Nights have been hard. I used to be afraid of the dark, as I’m sure most people were, but I’ve never known anyone to be so terrified by the shadowed black as my beautiful boy Milo. In the late hours the boy would wake in a panic, screaming through the thin walls, waking everyone up. I hated those nights. He would be lost in a nocturnal horror, and I would be filled with anger. I’d yell and I’d spank, but nothing changed. This went on for years until we moved into the city. Things were better then. He’d lay in bed at night, staring out his window into the geometric city sky filled with blocks and angles of walls and roofs, burning with the wonderful warm glow of ambient light. It was never dark in the city. There was always an office light left on, or a street lamp below buzzing with the electric appearance of a circuit board. There was so much wonder and peace within the shards of orange glow that rested on his face that he always fell fast asleep.
Months had stacked when I became aware that Milo had been sleeping a lot, not only at night, but during the day as well. I should have noticed sooner. A high fever had boiled the strength out of him. The young boy found himself staring endlessly into the moving world outside the glass, unable to be a part of it. I kept thinking the fever would pass, letting the hours turn into days. It wasn’t until Milo began coughing flem and blood that I fully realized something was wrong. I rushed him to the ER. It was bacterial meningitis. He didn’t have long. I stayed with him, holding his hand all night long. He begged for the light to stay on, and I obliged. As long as the light was on he was at peace.
“Just don’t let it go dark.” He requested of me.
“I’ll keep the light on for you. I promise.” I assured him, with a tight squeezing of his hand. And I did.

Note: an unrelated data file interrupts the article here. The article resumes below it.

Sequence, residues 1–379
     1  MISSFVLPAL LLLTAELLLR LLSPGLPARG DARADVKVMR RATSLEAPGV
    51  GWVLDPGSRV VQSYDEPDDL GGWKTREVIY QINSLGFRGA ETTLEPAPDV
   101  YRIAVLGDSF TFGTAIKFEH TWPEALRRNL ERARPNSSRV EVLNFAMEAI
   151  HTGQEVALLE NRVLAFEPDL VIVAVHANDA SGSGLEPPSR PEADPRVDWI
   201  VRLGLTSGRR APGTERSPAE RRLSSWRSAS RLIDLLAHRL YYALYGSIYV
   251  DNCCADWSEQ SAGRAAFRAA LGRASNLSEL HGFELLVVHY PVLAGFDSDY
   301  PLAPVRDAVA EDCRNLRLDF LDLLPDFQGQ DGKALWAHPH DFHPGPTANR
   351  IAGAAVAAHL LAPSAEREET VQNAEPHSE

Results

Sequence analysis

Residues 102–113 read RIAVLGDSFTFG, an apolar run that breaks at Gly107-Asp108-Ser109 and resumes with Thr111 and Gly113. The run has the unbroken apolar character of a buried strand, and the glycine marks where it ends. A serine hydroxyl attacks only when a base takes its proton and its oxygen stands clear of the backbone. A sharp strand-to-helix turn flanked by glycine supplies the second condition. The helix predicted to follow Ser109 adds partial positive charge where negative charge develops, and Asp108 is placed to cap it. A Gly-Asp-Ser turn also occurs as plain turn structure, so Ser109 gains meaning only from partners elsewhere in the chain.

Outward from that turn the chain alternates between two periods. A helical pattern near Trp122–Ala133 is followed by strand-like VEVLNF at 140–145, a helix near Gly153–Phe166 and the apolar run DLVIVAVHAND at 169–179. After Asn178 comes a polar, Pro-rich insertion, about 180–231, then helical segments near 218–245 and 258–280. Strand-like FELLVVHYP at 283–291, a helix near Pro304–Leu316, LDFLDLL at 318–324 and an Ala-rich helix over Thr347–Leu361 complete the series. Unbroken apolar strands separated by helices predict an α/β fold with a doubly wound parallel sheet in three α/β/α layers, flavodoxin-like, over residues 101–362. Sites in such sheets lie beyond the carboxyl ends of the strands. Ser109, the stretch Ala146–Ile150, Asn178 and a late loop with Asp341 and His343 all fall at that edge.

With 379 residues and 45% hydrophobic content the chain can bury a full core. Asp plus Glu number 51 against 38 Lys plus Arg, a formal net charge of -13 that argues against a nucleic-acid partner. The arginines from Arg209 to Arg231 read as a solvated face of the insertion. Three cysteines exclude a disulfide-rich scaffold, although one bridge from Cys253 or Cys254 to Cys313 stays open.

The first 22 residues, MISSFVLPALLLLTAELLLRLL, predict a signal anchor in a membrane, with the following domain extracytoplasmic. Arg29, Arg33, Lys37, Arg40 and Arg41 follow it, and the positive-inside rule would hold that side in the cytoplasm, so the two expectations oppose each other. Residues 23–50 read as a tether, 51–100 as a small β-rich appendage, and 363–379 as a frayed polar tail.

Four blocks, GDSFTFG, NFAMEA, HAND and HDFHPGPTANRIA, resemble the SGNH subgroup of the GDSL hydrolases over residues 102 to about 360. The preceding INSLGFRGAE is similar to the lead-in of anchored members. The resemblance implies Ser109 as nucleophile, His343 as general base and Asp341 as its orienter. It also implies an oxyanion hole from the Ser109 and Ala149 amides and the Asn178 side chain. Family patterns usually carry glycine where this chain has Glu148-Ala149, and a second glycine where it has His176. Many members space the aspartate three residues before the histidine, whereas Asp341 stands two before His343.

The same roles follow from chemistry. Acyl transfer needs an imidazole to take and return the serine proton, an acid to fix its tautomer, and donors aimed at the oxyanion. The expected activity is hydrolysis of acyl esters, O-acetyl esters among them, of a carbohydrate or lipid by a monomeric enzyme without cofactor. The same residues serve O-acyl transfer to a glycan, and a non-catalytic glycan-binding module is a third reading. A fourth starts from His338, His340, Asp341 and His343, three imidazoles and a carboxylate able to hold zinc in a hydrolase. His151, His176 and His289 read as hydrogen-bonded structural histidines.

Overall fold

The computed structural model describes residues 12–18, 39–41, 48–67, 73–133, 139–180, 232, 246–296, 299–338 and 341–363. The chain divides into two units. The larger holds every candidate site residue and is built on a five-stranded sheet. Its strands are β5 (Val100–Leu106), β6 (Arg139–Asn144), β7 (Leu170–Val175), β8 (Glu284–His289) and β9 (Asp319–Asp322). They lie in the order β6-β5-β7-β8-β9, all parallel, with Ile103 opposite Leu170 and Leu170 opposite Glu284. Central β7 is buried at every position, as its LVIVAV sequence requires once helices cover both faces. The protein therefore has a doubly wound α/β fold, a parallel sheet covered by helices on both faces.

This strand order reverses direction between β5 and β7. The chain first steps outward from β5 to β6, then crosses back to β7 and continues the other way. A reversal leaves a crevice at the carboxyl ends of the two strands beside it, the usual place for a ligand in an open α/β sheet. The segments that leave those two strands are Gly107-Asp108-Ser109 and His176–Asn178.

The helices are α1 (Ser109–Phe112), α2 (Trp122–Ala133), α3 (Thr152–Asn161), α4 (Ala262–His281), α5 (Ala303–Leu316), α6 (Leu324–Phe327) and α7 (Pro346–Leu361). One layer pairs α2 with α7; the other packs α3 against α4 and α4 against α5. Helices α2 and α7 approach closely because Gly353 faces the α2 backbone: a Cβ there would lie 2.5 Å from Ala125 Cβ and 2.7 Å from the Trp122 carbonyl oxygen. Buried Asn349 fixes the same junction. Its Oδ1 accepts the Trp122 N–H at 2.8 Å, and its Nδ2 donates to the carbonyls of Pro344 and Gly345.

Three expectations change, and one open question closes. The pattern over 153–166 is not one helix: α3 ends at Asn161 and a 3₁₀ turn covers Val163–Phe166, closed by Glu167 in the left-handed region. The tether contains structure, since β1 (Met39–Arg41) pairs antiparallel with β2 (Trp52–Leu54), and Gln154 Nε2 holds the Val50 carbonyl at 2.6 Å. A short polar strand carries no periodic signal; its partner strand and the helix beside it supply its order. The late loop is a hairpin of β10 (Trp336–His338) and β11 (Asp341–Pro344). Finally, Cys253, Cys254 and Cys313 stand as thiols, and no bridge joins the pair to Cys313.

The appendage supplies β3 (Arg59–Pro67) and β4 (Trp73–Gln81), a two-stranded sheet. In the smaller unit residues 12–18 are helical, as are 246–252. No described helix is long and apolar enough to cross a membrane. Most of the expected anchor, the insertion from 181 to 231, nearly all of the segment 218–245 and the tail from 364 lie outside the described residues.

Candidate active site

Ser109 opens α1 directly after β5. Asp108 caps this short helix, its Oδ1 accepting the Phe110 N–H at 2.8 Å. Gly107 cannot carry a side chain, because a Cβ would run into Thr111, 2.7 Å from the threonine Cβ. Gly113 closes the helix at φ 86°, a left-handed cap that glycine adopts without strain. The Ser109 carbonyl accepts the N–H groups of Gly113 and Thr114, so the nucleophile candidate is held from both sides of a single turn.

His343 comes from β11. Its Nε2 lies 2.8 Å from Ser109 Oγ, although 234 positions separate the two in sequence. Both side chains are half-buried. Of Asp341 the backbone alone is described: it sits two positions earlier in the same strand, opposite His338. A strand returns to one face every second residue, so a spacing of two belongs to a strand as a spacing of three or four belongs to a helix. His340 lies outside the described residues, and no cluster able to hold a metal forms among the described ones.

Sometime just before dawn, Milo’s body softened and relaxed indefinitely. He was only 7.
“Was”. That damn word “was”. I should be used to “was” by now. I’ve made peace with all the things I’ve had to put behind me. I was a student, I was the fastest kid on the soccer fields, I was a husband. I’ve been a lot of things that “was”, but I never thought I’d have to say “I was a father”. Horrible that life should even consider the title an option to remove. I know I’m no longer a student or the fastest on the field. I shouldn’t be anyways. But “daddy”, daddy is a word I doubt I’ll ever give up. I was a father... I am a daddy even though it doesn’t feel like it anymore.
Nights have been hard. I think about those late hours I’d argue with him to return to his bed, crying, desperate, afraid. I’d spank him and yell. So much regret. I desired so much to have a bed to myself, to sleep just one night without interruption; now I have nothing but restless peace. Two empty beds and one tired man pacing, waiting for the dream to end. My dear boy. I miss you.
I replay his words in my head. “Just don’t let it go dark.” He requested of me.
“I’ll keep the light on for you. I promise.” I will, Milo.
Wherever my son is, he wouldn’t have to be afraid of the dark. I’d leave a light on for him. Always on. I promise.